Chesapeake Energy Corp. could be on its way to making amends with disgruntled shareholders.
The Oklahoma City oil and natural gas company announced Monday it would replace four members of its board of directors amid ongoing questions about its corporate governance.
A fifth member will come on board later this month as Chesapeake replaces a retiring director with a new independent chairman, who will replace embattled CEO Aubrey McClendon in the role.
The company did not say which directors will be replaced, but the new members will hold a majority on Chesapeake’s nine-member board.
The changes come after “extensive” discussions with the company’s two largest shareholders.
Southeastern Asset Management and billionaire activist Carl Icahn, who together hold more than 21 percent of the company’s stock, will nominate four new board members.
Those new members will be able to sign off on the new chairman being selected by the existing board. The new independent chairman will not have any previous relationship with Chesapeake.
The reconstituted board will be introduced on or before June 22, the company said Monday.
“We are pleased to announce these important actions taken by the board in consultation with our two largest shareholders to further enhance Chesapeake’s corporate governance for the benefit of all shareholders,” said Merrill A. “Pete” Miller Jr., Chesapeake’s lead independent director. “We greatly appreciate the substantial contributions of all of our directors, but recognize our shareholders’ desire for change.
“Following implementation of these initiatives, the Chesapeake board will have been substantially reconstituted with five new independent directors, including a new independent chairman, in addition to Lou Simpson who joined the board last year.”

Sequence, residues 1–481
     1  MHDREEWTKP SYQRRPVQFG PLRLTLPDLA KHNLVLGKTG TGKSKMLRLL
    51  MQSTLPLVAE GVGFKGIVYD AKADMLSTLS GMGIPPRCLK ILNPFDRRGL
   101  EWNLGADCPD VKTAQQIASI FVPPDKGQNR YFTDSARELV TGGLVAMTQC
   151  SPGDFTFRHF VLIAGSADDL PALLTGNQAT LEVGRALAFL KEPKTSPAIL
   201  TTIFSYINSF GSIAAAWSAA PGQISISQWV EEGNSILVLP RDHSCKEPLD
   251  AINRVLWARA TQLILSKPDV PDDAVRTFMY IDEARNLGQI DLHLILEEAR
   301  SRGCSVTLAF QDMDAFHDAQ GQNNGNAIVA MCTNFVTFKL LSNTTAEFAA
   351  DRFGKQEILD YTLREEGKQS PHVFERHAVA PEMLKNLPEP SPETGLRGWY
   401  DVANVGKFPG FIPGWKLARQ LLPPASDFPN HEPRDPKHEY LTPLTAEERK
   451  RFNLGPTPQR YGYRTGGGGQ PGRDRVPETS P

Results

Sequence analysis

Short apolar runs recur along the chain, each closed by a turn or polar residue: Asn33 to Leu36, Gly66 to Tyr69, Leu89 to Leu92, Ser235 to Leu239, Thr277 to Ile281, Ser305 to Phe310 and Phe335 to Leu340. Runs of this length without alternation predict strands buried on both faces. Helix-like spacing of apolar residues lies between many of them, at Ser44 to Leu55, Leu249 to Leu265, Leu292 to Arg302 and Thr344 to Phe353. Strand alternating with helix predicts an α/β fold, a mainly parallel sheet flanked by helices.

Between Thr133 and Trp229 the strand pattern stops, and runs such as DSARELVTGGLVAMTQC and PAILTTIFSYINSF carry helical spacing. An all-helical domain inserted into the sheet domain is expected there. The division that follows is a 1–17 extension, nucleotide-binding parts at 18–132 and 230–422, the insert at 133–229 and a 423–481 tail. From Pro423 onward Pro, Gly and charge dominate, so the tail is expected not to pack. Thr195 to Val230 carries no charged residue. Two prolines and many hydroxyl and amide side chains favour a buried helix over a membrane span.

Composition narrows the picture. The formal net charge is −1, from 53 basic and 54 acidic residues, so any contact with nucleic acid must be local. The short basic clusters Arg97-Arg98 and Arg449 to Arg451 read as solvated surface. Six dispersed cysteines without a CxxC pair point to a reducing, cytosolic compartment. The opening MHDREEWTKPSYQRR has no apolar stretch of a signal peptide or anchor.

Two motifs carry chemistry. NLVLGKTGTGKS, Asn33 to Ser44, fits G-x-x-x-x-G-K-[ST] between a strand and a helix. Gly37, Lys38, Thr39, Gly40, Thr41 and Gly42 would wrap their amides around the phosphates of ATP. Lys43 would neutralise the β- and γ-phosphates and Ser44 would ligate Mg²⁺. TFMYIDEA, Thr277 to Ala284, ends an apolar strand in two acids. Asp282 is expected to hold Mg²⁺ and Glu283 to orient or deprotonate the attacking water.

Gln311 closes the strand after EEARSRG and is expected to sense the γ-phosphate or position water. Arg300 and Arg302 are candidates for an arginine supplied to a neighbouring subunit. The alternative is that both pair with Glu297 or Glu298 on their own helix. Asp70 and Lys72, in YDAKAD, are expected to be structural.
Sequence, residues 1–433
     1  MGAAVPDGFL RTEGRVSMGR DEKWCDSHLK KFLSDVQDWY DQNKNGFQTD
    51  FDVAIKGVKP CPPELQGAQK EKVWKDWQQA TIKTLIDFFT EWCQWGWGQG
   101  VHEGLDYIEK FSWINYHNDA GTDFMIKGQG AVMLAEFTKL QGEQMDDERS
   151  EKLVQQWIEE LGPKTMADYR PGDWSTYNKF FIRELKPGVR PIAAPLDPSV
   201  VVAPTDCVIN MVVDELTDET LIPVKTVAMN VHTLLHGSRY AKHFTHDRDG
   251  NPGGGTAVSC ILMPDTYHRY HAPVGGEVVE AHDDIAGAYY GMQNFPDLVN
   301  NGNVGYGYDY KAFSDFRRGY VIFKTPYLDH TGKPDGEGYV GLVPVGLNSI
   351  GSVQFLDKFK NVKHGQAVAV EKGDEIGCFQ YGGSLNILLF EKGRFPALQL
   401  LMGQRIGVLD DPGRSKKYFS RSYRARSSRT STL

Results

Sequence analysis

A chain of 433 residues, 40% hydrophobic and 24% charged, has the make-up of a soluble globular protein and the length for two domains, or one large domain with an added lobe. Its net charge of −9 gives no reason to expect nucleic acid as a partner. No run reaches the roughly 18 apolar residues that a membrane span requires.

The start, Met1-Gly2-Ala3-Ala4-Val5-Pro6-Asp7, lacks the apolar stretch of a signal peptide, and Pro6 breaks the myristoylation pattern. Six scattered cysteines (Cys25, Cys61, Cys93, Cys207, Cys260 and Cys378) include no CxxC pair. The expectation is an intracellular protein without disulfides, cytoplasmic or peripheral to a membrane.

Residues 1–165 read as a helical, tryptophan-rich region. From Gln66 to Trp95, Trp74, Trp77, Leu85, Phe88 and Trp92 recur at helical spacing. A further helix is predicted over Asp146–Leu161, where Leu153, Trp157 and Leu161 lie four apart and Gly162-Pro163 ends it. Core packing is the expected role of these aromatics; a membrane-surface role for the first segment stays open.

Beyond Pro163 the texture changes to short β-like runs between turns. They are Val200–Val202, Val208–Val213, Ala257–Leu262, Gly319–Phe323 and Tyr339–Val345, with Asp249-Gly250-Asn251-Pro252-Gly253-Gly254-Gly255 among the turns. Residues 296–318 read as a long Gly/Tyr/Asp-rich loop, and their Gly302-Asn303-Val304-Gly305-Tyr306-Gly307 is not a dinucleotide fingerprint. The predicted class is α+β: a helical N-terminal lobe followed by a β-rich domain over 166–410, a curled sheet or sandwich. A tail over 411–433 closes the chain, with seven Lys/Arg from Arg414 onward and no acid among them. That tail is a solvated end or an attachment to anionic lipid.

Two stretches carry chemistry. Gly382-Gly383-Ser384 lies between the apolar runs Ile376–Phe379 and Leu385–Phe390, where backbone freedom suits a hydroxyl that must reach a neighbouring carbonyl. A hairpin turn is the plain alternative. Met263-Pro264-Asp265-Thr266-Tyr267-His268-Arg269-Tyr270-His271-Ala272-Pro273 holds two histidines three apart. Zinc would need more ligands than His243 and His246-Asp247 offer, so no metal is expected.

The board announced plans May 1 to replace Chesapeake co-founder McClendon as the company’s chairman amid ongoing questions about personal loans used to fund his share of the company’s wells.
Reuters reported April 18 that McClendon had secured up to $1.1 billion in loans using his 2.5 percent stake in the Chesapeake wells as collateral. Some of the loans reportedly came from a private equity firm doing business with the company, spurring questions about a potential conflict of interest and a board review.
Several institutional investors, including Icahn, subsequently called for a leadership change at Chesapeake. Some called on investors to vote against the re-election of Oklahoma State University President Burns Hargis and retired Union Pacific Corp. executive Richard K. Davidson to the board.
New York City Comptroller John C. Liu, who wrote a May 17 letter urging shareholders to replace Hargis and Davidson, was heartened by Monday’s announcement.
“This agreement goes to the heart of the problem — the directors themselves — and hopefully will result in an independent board that acts in the long-term interests of the company and its shareowners,” Liu said. “We look forward to the naming of new directors and other changes that address long-standing shareowner concerns. By voting for proxy access, shareowners can help hold new directors feet to the fire if they fail to exercise independent oversight of management.”